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Paul Kossoff, Not Good Enough?


IanHenry

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I found this interview with former Free bass player Andy Frazer, in which he says, that it was Paul's anxieties about not being a good enough guitar player that drove him to drug abuse:

 

http://www.classicrockmagazine.com/news/paul-kossoff-committed-slow-suicide-says-free-bandmate-andy-fraser/

 

I still think that Koss is the yardstick by which all Blues/Rock guitar players are measured.

 

It just highlights the frailties of the human mind does it not?

 

Ian.

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What's sad (to me) is, that he cared so little for himself, as to prefer

drug use, and "killing himself slowly," to practicing more, getting better

at his talent and craft. Most "great" players are revered beyond their real

capabilites, especially at the peak of their, or their band's popularity!

That's NOT to say, they aren't Great Players...just that the public has a

weird predilection, for unrealistic assessments, and expectations. The best

players just don't buy into that, and continue to improve their playing

for themselves, not for anyone else. Sad, that Paul couldn't see that,

apparently. [unsure] Besides, it's pointless (IMHO) to compare yourself,

to your "hero's," though it's a very common "measuring stick" thing to do.

But, to do so, to your own detriment, is SAD!

 

CB

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its a shame anyway you look at it. i've always felt that low self esteem, however it developes, is ground zero for many or most addicts. Self loathing of an addict, and an addict because of self loathing. seems to feed each other.

I've also felt that drugs aren't the addicts problem, they are the most obvious SYMPTOM of the problem. The problem lies within the person themselves. whatever demons, voices, or whatever you want to call it, bouncing around in a persons head. Getting clean and sober is just the beginning of fixing the problem. then you have to start on the labyrinth of emotions and life experiences that created the monster.

Sorry for getting long winded, its a subject near and dear to me. I've lost several close friends to addiction, and I've been clean and sober for 20 years now.

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It must be 25 years since I read an interview with Eric Clapton (who was a friend of Kossoff) in which he said Koss' depression started after the death of Hendrix.

All three knew each other well and apparently Koss didn't know how to cope with the loss and that was the point where his own drug-taking started to get out of hand.

 

P.

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its a shame anyway you look at it. i've always felt that low self esteem, however it developes, is ground zero for many or most addicts. Self loathing of an addict, and an addict because of self loathing. seems to feed each other.

I've also felt that drugs aren't the addicts problem, they are the most obvious SYMPTOM of the problem. The problem lies within the person themselves. whatever demons, voices, or whatever you want to call it, bouncing around in a persons head. Getting clean and sober is just the beginning of fixing the problem. then you have to start on the labyrinth of emotions and life experiences that created the monster.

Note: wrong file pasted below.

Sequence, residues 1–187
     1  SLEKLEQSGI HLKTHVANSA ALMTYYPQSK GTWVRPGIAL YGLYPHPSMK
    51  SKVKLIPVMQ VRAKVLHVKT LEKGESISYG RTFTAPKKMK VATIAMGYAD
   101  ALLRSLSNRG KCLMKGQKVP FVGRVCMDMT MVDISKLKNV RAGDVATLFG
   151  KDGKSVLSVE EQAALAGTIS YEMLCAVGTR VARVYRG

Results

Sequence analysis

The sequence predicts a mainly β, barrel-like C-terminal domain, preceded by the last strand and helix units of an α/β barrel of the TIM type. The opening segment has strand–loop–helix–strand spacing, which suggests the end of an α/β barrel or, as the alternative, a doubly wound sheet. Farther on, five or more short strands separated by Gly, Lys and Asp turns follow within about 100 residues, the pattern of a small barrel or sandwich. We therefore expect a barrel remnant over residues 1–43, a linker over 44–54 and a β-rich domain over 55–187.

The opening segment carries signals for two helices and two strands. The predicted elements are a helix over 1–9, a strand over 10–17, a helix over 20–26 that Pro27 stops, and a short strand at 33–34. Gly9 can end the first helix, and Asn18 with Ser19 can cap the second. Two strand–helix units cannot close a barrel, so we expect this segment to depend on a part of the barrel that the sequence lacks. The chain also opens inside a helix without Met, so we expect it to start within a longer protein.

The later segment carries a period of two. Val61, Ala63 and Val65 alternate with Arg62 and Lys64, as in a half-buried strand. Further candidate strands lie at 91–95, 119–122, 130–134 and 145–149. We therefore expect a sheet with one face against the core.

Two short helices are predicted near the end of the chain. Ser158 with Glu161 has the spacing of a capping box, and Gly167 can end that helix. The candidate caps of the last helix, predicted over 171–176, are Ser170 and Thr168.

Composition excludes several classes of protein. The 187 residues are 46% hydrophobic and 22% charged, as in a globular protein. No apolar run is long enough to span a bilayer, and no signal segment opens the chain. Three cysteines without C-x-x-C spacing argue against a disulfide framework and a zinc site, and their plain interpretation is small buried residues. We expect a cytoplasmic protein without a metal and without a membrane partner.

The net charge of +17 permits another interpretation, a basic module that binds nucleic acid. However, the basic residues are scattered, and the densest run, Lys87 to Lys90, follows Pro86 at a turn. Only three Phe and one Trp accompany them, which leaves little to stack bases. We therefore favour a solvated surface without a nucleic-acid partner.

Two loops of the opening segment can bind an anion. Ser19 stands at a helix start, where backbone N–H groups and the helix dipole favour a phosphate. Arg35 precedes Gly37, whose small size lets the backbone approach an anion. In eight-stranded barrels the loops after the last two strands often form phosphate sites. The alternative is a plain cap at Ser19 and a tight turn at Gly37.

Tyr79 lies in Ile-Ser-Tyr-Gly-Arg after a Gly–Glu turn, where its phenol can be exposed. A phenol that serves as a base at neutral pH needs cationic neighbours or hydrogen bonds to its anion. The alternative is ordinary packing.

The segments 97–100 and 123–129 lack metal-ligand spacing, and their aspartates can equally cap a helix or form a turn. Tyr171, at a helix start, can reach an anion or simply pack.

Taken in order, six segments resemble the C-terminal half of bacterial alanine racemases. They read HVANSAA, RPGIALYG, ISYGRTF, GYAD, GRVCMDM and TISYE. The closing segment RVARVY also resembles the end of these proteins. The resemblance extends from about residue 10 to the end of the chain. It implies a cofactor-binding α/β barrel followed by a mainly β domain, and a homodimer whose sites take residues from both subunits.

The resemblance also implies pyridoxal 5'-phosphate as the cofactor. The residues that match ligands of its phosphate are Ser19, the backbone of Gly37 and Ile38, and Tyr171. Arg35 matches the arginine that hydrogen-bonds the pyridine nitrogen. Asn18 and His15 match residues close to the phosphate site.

Sorry for getting long winded, its a subject near and dear to me. I've lost several close friends to addiction, and I've been clean and sober for 20 years now.

 

 

+++power to ya' bro!!:) +++

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Never cared for drugs, just had the luck being able to keep the balance between self assurance and modesty. I knew I was perhaps one percent of a guitarist when one of my former bands had a record contract and live - no playback - TV appearance in the early 1980s. The very thing for me was to sing and play my parts clean and precisely.

 

Meanwhile I probably am between two or three percent of a guitarist which means 100 or 200% better than then but still a dreadful fumbler. I guess if I had had the problem of tending to megalomania or despair, I would have been in danger to fall for other addictions than music. So it seems that singing/playing/songwriting are my only addictions, and I think I will never give up making music although I know that I am very limited.

 

I also had to deal with band members that time trying to put me down. Luckily I didn't take it to heart that much. It was not funny when they fired me after expiration of the record contract, but there were and still are bands thereafter, one of them with two of the former bandmates, and actually one with one of them...

 

I think I would leave or give it up if it wasn't fun anymore.

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A lot of salient points made already. For starters, Paul's father David said that as a child, Paul was a risk-taker. He would always want to do dangerous things, so the inherant danger of drug-taking was most likely a factor in going down that road.

 

Secondly, the Rodgers/Fraser writing partnership was very strong, and both had clear ideas about what they wanted in each song. Koss did not like to feel like a "hired hand", as I believe he referred to it. This was exacerbated further when they wrote the Highway album, where many of the songs were piano-orientated, as opposed to guitar orientated. Paul's contribution was therefore further reduced, including his writing (he was part credited with two songs on the previous album).

 

Thirdly, the pressure brought about by the record company for another hit single, forced the band to work without rest for far too long. World tours, and two albums released in 1970. Something had to give, and they split in 1971, which affected Koss very deeply. One of the main reasons they reformed in 1972 was for Paul's sake, to try and save him.